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December 30, 2007
Pakistani People's Party keeps it in the Family
The party of assassinated former Prime Minister Benazir Bhutto has announced that her son, 19-year-old Bilawal Bhutto Zardari, will carry on as his mother's successor - eventually. The slain party leader's husband Asif Zardari will act as caretaker until Bilawal completes his studies at Oxford:
Pakistan's largest political party on Sunday chose to continue its dynastic traditions, anointing 19-year-old Bilawal Bhutto Zardari as his mother's ultimate successor but picking husband Asif Zardari to lead in the short-term following Benazir Bhutto's assassination on Thursday. The electoral commission - firmly in the control of President Musharraf - will meet tomorrow to decide whether to allow the elections to go forward as planned or whether to postpone them. Continued violence in the streets would seem to make postponement inevitable:
The selections mean that the Pakistan People's Party, which casts itself as the voice of democracy in Pakistan, will stay in family hands for a third generation.
Asif Zardari quickly announced that the party will compete in the upcoming parliamentary elections, although he suggested that another party leader would probably be the candidate for prime minister.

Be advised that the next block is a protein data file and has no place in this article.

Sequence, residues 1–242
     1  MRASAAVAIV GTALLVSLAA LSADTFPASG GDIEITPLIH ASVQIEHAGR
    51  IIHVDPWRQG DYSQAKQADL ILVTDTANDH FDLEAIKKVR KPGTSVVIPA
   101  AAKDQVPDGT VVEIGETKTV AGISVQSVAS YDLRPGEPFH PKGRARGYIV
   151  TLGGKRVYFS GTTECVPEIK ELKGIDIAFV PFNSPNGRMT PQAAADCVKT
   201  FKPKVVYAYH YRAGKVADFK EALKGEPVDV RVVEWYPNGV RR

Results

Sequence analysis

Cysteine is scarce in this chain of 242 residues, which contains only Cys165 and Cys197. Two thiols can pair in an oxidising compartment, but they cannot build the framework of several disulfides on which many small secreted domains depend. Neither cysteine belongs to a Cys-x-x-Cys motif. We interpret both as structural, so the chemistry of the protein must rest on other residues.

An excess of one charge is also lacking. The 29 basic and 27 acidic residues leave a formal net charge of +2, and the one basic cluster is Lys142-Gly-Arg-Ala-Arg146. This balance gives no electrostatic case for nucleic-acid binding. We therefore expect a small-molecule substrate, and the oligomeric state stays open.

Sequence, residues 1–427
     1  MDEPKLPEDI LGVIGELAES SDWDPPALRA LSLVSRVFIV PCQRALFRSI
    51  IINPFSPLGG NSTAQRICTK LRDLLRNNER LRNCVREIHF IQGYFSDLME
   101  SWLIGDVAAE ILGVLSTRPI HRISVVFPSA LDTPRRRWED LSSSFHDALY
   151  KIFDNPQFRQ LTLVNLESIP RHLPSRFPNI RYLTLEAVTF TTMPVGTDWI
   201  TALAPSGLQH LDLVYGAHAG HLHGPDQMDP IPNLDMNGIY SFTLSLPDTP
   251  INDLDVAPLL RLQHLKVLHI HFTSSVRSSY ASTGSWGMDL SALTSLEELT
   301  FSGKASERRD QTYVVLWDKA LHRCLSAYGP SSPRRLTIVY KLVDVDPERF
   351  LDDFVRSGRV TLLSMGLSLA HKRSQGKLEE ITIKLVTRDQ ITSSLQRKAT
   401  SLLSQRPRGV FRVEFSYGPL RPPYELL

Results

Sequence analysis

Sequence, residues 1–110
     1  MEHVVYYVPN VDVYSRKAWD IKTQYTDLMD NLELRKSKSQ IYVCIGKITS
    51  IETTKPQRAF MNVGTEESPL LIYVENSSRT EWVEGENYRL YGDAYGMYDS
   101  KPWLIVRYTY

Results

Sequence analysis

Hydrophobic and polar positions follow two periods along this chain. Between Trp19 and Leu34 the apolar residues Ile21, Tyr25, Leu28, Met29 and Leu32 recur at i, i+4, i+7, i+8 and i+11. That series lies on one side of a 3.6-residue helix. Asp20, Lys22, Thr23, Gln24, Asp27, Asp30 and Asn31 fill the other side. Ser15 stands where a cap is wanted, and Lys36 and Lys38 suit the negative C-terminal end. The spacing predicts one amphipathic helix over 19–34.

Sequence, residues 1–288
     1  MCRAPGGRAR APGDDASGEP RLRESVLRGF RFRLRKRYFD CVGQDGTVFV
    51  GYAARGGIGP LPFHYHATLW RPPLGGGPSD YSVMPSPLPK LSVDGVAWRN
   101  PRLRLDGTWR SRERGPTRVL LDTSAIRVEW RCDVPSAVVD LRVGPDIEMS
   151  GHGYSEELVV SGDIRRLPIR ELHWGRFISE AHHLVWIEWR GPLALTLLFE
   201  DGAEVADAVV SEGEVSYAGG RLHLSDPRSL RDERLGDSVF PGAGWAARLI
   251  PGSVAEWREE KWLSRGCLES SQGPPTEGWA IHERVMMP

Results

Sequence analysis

Another opposition party responded that it also would participate in the election. Sadiq ul-Farooq, a senior member former prime minister Nawaz Sharif's Pakistan Muslim League-N party, told the Associated Press that following the decision by the Pakistan People's Party, "we will also contest."
That election, scheduled for Jan. 8, appears likely to be postponed. Tariq Azim Khan, spokesman for the party of Pakistan's President Pervez Musharraf, said that voting may be delayed for as much as four months because of the turmoil following Bhutto's assassination.
The death toll from the violence climbed Saturday above 40, with many people fearfully staying indoors while others ventured out to torch government buildings or battle with police firing tear gas. There is also the threat of additional attacks in parts of the country where the extremists have been operating.
The unrest turned streets in this normally frenetic city, Pakistan's largest, into empty expanses of asphalt. Dozens of burned-out cars and buses lay by the sides of the roads, evidence of nighttime mobs that roamed the city in defiance of soldiers and police. Food shortages were reported in some areas of the country, and most gas stations and shops were closed.
With a large percentage of the population idle and angry, there was concern Saturday that the violence could worsen. "These are the sentiments of the people. This is their natural reaction," said Zahid Hussain, 30, a truck driver who had pulled over Thursday night in rural Sindh province, Bhutto's stronghold, and had not moved since for fear of attack.
All of this would seem to point to putting off the elections. For how long will be a very delicate matter. Musharraf dare not wait too long or the street demonstrations will take on the character of a revolt against his rule.
This is just one more balancing act Musharraf must carry out while extremists seek to bring chaos to his country.